Context: Scholarly opinion is divided about the authorship of Luke: some scholars contend that Luke, the physician friend of Paul, wrote the gospel of Luke and part of Acts; others believe that one writer, not Luke, wrote all of Luke and Acts. However, the value of these books is unquestioned. After receiving baptism from John and being tempted in the wilderness, Jesus begins His public ministry in the province of Galilee and then in the town of Nazareth, His boyhood home. It is customary on the Sabbath for a layman to stand in the synagogue and read a passage of his own selection from the prophets. Jesus chooses Isaiah 58:6, stating that now He has come to fulfill this prophecy of preaching with the Spirit to the poor, imprisoned, and handicapped. Sensing that His listeners are scoffing, Jesus adds:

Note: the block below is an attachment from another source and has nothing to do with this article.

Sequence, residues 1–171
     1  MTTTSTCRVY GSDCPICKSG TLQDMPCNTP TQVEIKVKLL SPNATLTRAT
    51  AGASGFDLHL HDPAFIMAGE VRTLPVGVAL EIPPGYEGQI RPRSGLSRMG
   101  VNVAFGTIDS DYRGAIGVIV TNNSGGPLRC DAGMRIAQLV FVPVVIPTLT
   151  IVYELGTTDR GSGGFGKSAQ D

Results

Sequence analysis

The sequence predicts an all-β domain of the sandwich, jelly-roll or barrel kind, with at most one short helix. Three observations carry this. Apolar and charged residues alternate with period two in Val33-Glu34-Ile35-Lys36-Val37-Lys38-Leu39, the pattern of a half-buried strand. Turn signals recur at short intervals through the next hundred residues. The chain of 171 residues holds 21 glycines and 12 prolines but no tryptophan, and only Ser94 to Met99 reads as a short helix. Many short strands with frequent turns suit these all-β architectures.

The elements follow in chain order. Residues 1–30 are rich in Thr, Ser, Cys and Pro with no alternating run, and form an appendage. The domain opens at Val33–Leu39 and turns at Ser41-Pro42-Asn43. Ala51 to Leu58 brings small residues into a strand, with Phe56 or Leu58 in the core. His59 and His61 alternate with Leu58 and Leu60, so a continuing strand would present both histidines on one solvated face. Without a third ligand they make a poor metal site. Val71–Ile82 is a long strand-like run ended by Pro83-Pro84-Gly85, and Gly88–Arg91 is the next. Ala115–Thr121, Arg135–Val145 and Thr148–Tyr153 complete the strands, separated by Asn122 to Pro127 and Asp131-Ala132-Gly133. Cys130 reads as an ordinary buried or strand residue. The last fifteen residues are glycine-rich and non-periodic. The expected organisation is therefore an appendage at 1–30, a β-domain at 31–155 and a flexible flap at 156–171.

. . . Ye will surely say unto me this proverb, Physician, heal thyself: whatsoever we have heard done in Capernaum, do also here in thy country.
And he said, Verily I say unto you, No prophet is accepted in his own country.